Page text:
“There has been less snow than normal this winter. I am looking forward to an early year,” he says. This year, on the Hawke we had problem getting supplies into the camp, with a low snowpack making it tough for snowmobiles.”

“We don’t have a plan for either foreign or Canadians to come to fish this year, and I have nothing to tell my guests at this moment. With the airlines cancelling runs into Goose Bay we can only hope there will be changes ahead.

(Editor’s note: At mid-week PAL regional airline announced regular flights from Fredericton to Goose Bay for the first time, and perhaps this will be of interest to some wishing to visit Labrador rivers.)

“A number of tough decisions will need to be made,” says Crosby, “It is difficult to run a business, and customers don’t know if they can travel.

“I will need to decide when to tell people whether they can come or not. This is not a good situation.”

MAINE RESEARCH GETTING UNDERWAY

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In 2020 ASF's Maranda Nemeth releases an Atlantic salmon that was trucked to the Sandy River.

John Burrows, ASF Director for U.S. Operations, put together an overview of the upcoming activity by the partners and ASF on Maine’s salmon rivers:

Penobscot River – No smolt trapping this year

Sandy River, on the Kennebec system – 2021 will be the first year that Maine DMR smolt traps the Sandy. Gear is being deployed at the end of this week and they hope to start running the traps early next week.

Narraguagus River, a Downeast salmon river – Maine DMR will be deploying the smolt traps on Friday and Monday at Route 9 and Little Falls, respectfully. The plan is to start fishing on Monday.

East Machias River – Maine DMR will be assisting the Downeast Salmon Federation (DSF) with deployment of traps at some point in the next couple of weeks. DSF will be staffing them on a daily basis.

STATE OF ATLANTIC SALMON IN NEWFOUNDLAND AND LABRADOR

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Airborne, and nearly 30 pounds, on the lower Humber River. Photo Bill Bryden

In 2020 Covid-19 meant most of the recreational angling was left to residents. And while the early part of the season generated good reports of fish, extreme heat and low water levels brought the good reports to a screeching halt.

Don Ivany, ASF director of programs in Newfoundland and Labrador, has been following closely the assessment data and news generated by DFO as we get closer to the 2021 season.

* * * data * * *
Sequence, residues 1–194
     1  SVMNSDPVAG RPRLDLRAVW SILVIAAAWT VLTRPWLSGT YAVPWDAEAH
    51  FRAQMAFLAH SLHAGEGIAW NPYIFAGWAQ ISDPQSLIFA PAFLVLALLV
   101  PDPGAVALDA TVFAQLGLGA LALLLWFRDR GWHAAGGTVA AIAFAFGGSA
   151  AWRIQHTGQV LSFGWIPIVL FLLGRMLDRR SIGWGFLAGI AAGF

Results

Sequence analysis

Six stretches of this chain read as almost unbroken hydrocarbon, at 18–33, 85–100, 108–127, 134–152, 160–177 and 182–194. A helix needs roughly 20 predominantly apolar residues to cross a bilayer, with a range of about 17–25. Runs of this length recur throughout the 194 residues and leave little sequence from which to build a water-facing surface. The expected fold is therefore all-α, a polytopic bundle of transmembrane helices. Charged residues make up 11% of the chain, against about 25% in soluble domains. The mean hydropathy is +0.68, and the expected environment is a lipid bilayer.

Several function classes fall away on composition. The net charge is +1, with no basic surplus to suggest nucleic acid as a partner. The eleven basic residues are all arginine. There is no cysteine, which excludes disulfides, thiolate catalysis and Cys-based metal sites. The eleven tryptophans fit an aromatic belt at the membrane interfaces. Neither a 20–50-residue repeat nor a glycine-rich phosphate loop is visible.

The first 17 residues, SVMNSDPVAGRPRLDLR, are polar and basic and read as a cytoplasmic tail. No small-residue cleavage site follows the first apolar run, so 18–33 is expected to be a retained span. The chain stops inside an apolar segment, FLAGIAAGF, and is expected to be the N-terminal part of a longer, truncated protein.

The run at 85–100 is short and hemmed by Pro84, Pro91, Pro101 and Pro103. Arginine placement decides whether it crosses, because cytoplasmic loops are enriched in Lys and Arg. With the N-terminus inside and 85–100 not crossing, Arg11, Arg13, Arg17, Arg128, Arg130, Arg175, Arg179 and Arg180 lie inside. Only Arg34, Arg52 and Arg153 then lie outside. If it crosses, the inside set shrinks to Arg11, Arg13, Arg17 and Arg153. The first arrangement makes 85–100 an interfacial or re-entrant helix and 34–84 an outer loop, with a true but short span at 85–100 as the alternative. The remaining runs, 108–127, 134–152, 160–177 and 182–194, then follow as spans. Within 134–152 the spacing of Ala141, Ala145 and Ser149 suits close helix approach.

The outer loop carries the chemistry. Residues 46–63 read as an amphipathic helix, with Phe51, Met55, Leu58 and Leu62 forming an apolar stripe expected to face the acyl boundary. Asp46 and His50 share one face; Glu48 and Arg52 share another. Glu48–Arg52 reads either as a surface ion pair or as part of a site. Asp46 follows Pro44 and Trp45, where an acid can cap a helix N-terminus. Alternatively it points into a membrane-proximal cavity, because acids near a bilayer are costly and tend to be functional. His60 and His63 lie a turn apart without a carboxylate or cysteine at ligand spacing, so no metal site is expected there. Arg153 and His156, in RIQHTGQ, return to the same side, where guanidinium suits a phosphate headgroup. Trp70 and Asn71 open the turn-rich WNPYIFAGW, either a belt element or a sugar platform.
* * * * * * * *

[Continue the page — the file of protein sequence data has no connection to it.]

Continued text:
“On March 17, 2021, DFO held their Annual Salmonid Advisory Meeting for the Island portion of the province and provided an update on the 2020 salmon returns to monitored rivers here.

“Out of the fourteen rivers monitored on the Island in 2020, DFO determined that seven rivers were in the critical zone, two were in the cautious zone, and five were in the healthy zone.

On March 18, 2021, DFO held their Annual Salmonid Advisory Meeting for Labrador and provided a further update for this area. Out of the three rivers monitored in Labrador in 2021, DFO determined that two rivers were in the cautious zone (Muddy Bay Brook, and Southwest Brook), and one river was in the healthy zone (English River).

Putting this together, of the 17 rivers monitored in NL in 2020, seven were in the critical zone, three were in the cautious zone, and seven were in the healthy zone. Not exactly the good news everyone had been hoping to hear.

What’s even more concerning is that DFO’s Science Division reported six of the monitored rivers in 2020 saw greater than a 30 per cent decline from the previous five-year average returns.

They also reported that returns to two rivers on the south coast of Newfoundland continue to decline, and that the Conne River and Little River are approaching local extinction.

Conne River had an annual return of 10,000 fish two decades ago but only had 120 fish return this past year, while Little River had just four wild fish return this year.

These two wild salmon rivers are located near the heart of the open-net-pen aquaculture industry on Newfoundland’s south coast.

Based on these results, the majority of groups represented on DFO’s Salmonid Advisory Committee’s this year recommended that DFO take a precautionary approach for the 2021 recreational salmon fishing season, until there are signs of stock recovery.

On another note, the island portion of the province experienced a very mild winter and far less snowfall than normal.

This coupled with the fact that spring broke early in 2021, with much of the snow already melted. Wecould be in for more low water and warm water temperatures unless we get a wet summer.

Temperatures were a little warmer than usual in Labrador this winter and sea ice conditions were very light compared to other years. When sea ice conditions in Labrador are light, salmon returns to our rivers tend to be better, so keep your fingers crossed.

DFO is currently in the process of trying to make sense of all the recommendations they received this year, in preparation of the Salmon Management Plan for the 2021 season. If previous experience means anything, its anyone’s guess as to what the new management plan will contain.